In #107 I said a ‘Christian’ website. I was going by memory. Something I read last year maybe?

I just looked it up and it was actually ‘Campus Watch’. It’s an old article from 2003….

Who Is Fawaz Gerges?
Another problem Mideast scholar

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July 26th, 2012, 12:51 am


111. Uzair8 said:

An Arabic news channel discussion. I don’t understand it but will share it.

الانتفاضة العربية الشيخ محمد أبوالهدى اليعقوبي قناة الحوار 2012 07 21

Google translate: Intifada, the Arab Sheikh Mohammed Al Yacoubi Abualhdy dialogue 21 07 2012

25 minute long.

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July 26th, 2012, 1:00 am


112. Halabi said:

RT took down it’s major scoop about the $36 billion movie being made in Hollywood to bring down Assad, which was the basis of a crazy report on Syrian TV. Addunya picked up this hilarious bit.

People who depend on this kind of news (Riad Al Asaad ran away with $2 million, Mustafa Tlass told the spokeswomen for the FSA to go breast feed her children on France 2, etc.) aren’t seeing some other side of the story that rational observers are missing. Those who believed that “Assad is duck really” studios is real, or that anyone in the history of mankind spent $36 billion on a film, are beyond repair. I don’t think they should be killed, but they definitely need an IQ test before procreating so as not to pollute the gene pool.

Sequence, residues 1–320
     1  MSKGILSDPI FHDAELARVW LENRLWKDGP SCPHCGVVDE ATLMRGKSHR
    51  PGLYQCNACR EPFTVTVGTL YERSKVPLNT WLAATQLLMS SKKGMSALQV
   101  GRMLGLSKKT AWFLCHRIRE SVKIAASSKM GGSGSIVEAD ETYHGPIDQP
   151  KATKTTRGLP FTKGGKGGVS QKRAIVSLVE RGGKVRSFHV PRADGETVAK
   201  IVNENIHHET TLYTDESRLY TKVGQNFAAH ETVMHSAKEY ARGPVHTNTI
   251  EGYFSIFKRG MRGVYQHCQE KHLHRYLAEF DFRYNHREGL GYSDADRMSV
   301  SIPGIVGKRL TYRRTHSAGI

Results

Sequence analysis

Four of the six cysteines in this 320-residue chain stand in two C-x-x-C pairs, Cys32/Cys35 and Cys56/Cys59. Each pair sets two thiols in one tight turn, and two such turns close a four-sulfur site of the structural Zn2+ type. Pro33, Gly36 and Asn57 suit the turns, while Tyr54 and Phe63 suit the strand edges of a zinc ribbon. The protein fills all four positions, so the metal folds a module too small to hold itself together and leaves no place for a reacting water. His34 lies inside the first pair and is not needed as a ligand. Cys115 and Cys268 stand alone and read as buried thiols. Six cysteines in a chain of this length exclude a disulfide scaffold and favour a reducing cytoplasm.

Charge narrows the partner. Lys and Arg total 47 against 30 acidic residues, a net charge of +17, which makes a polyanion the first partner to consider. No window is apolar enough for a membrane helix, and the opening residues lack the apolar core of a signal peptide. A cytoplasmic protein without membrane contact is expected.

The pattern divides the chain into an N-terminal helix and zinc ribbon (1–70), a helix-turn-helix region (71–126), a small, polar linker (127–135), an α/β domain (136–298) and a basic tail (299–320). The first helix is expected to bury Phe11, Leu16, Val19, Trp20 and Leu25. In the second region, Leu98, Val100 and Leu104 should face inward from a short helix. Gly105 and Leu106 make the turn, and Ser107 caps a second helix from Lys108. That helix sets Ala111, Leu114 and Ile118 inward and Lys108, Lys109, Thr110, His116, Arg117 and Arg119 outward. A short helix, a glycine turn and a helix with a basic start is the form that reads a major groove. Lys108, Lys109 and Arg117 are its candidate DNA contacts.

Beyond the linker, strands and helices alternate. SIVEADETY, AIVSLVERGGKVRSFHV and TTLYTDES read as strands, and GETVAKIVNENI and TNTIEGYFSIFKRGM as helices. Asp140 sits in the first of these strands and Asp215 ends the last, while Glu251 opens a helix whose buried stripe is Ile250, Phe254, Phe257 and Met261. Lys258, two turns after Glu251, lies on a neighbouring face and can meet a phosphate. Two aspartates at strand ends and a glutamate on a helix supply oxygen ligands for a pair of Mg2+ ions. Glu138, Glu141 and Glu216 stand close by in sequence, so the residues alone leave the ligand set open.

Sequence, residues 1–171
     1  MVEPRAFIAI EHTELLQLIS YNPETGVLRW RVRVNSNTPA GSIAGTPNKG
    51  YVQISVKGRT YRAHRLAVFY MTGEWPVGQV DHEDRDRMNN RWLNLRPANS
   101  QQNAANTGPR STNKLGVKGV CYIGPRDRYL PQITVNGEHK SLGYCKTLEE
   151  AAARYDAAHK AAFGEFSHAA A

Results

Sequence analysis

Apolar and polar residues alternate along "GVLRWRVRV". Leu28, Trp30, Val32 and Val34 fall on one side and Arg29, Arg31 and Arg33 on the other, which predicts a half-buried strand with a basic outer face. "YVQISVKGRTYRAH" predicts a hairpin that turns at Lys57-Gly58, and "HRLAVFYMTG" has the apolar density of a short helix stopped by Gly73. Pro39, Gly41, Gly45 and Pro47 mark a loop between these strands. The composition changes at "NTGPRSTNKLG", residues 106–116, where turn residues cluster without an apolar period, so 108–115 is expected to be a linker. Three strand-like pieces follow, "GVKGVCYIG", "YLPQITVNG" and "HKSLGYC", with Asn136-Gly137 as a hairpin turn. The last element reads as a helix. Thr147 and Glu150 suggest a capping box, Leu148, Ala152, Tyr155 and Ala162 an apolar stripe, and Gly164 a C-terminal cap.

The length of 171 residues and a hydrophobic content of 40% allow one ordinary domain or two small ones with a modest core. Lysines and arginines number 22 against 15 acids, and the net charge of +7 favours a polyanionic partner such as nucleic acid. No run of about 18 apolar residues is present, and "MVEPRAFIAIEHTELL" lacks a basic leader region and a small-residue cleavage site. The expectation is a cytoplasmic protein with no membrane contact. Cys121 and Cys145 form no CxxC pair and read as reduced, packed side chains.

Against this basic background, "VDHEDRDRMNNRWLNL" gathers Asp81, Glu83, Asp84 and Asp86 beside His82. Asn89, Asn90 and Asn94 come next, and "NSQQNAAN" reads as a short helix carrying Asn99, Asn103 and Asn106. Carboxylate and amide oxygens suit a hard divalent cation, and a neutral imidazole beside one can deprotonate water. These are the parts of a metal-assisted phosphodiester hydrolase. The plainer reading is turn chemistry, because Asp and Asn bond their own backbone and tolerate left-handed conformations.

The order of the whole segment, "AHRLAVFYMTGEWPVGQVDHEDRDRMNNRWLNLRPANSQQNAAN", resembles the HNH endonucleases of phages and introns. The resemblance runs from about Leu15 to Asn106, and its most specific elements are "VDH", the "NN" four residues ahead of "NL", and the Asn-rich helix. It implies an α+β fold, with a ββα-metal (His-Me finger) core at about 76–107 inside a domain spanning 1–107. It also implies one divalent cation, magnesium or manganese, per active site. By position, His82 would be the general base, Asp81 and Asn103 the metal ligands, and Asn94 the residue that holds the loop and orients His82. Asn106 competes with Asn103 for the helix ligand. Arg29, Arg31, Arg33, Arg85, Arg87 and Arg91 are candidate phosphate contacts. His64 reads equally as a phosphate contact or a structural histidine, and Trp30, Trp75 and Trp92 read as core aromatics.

المخابرات الصينية تكشف عن عمل هوليوودي للإيحاء بسقوط الأسد بتمويل خليجي

أجرت القناة الروسية “الثانية” لقاءً مع المتحدث باسم جهاز الاستخبارات الاتحادي الصيني أكد من خلاله نجاح المخابرات الصينية بالتوصل الى معلومات تشير الى ان شركة “مترو غولدوين ماير” الأمريكية الشهيرة بصدد تصوير “حيلة سينمائية هي الأضخم في تاريخ الشركة لصالح أجندات سياسية تهدف الى إسقاط النظام في سورية”.

وأشار المتحدث الى التعاون بين “مترو غولدوين ماير” وشركة آسا ديز داك ريلي” ومقرها ولاية نيفادا الأمريكية، والى ان العمل يجري حالياً على قدم وساق لتصوير مشاهد أطلق عليها اسم “السقوط المدوي” توحي بانهيار النظام الرسمي في سورية، بغية زعزعة الثقة لدى المقربين من هذا النظام واستهداف “معنويات عناصر الجيش السوري النظامي والدائرة المقربة من رئيس البلاد بشار الاسد”.

وكشف المتحدث وهو ضابط برتبة عقيد يُدعى إيشما سونغا عن عملاء للمخابرات الصينية نجخوا باختراق هذا المشروع وتسريب معلومات مهمة حوله للمركز، مشيراً الى ان اللقطات التي يتم حالياً الإعداد لتصويرها تشمل تصميم مجسمات للعديد من المواقع المعروفة ذات الرمزية الخاصة في سورية، مثل القصر الجمهوري وجبل قاسيون ومطار دمشق الدولي وملعب العباسيين، بالإضافة الى مبنى القيادة القومية وساحة الأمويين والسبع بحرات ومكتبة الأسد وجسر الرئيس في دمشق، كما يتم تجهيز مجسمات لمطار الضمير وإحدى المزارع التابعة لأحد كبار الضباط في الجيش السوري، على ان يتم تصوير مشاهد معدة للإيحاء بأنها وقعت بالفعل “في إطار مخطط الإطاحة بالنظام الحالي في سورية”.

كما أكد إيشما سونغا ان المشروع “السينمائي” يحتوي على مشاهد انشقاق سياسيين والكثير من كبار الضباط في الجيش، لافتاً الانتباه الى ان تصوير بعض هذه المشاهد سيتم بتقنية 3D، والى ان تكلفة هذه العملية “بلغت 36 مليار دولار تكفلت المملكة العربية السعودية وقطر وسلطنة عمان بها”.